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DESTIN — The Destin City Council unanimously approved opening all beaches within the city limits from dawn to dusk beginning Friday.

This does not include James Lee Park or Henderson Beach State Park.

Council members approved the re-openings during Wednesday night’s meeting.

Beaches in the city, as well as the Okaloosa Island Fishing Pier and the Gulf-front beaches within Okaloosa County’s jurisdiction, have been closed since late March as a way to try to slow the spread of the coronavirus.

When beaches in Destin reopen, Councilman Rodney Braden urged all beachgoers to practice social distancing, with no more than 10 people in a group and individuals staying at least six feet apart from one another.

The County Commission recently agreed to reopen the pier and beaches in the county’s jurisdiction on a limited basis. The pier and those beaches will be open, starting Friday, from 6:30 a.m. to 9 a.m. and 4:30 p.m. to 7 p.m. daily.

County staff is working on a plan to fully reopen the pier and all beaches in the county’s jurisdiction from sunrise to sunset starting Saturday, May 9. The commission plans to consider that plan on Tuesday.

Like at the beaches in Destin, all beach activities, including commercial ones such as weddings and beach chair/umbrella rentals, will be allowed at the county beaches whenever they are open.

At Wednesday’s council meeting, before the board voted to reopen the beaches in Destin, local resident Bill Reddington said opening the beaches from sunrise to sunset instead of for limited hours will allow “the masses” of beachgoers to be more safely spread out.

He said if the beaches weren’t reopened, the council should close local big box stores that have been crammed with people. But the opening and closing of businesses is up to the governor.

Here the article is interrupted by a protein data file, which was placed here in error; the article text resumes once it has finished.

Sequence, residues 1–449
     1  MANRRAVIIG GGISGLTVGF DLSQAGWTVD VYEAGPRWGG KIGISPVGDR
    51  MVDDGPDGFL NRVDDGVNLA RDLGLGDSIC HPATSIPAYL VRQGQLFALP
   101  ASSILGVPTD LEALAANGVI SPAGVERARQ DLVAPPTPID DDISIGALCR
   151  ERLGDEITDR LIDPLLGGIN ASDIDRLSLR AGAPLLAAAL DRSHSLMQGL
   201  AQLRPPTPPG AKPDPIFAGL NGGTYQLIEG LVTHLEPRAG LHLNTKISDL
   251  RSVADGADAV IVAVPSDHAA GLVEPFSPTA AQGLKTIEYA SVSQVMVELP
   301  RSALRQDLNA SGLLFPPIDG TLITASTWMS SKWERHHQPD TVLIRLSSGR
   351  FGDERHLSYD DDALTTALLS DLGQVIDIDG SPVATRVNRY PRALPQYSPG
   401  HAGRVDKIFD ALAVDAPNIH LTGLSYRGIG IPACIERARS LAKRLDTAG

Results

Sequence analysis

Later in the meeting, Councilman Cyron Marler talked about the importance of opening the beaches to help the local economy.

“Our economy is based on tourism,” Marler said. “I wish it wasn’t, but it is. When do we stop fearing, and when do we start saying ‘enough is enough’” with pandemic-caused restrictions.

Karen Chapman, director of the Florida Department of Health in Okaloosa County, told the council that social distancing remains a “vital weapon” to reducing the spread of the coronavirus.

She urged people to keep wearing face masks when social distancing is not completely possible.

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Gov. Ron DeSantis announced a “Phase 1” of reopening the state during a press conference on Wednesday. Below is a Q&A offered by the Governor’s office about the recent order.

RELATED: Walton County beaches to open without time restrictions, sunbathing not allowed

Governor Ron DeSantis orders:

When did the Governor's Executive Order take effect? How long does it last?

The Governor's Executive Order takes effect Monday, May 4 at 12:01 a.m. and lasts until the governor issues a subsequent order.

Does this order apply to all Florida counties?

This order is in effect statewide, however in coordination with Miami-Dade, Broward, and Palm Beach county mayors, these three counties will follow stricter protocol without the re-open provisions of Executive Order 20-112.

Is the Governor's Executive Order consistent with the President's Opening Up America Again Plan?

Gov. DeSantis met with President Trump on Tuesday to discuss this plan and the president was very supportive of Florida's efforts to take a safe, smart, step-by-step approach to re-open Florida. See President Trump's guidance here: https://www.whitehouse.gov/openingamerica/.

Does this executive order supersede local law?

The Governor's Executive Order 20-91, limiting the movements of persons has been incorporated and modified in the new Executive Order 20-112 to include businesses currently open and certain businesses re-opening at 25 % building occupancy. The Governor's Executive Orders do not contain a preemption on local rules where those rules restrict or close businesses or buildings.